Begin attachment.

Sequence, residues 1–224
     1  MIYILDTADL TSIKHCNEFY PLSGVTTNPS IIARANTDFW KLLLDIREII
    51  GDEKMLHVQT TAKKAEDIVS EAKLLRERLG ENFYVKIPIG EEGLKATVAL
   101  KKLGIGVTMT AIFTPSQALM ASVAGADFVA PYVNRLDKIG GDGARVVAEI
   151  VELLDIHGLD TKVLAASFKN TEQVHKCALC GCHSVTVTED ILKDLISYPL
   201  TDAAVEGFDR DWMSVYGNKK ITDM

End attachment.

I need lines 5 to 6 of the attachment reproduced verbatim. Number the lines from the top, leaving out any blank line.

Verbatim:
   151  VELLDIHGLD TKVLAASFKN TEQVHKCALC GCHSVTVTED ILKDLISYPL
   201  TDAAVEGFDR DWMSVYGNKK ITDM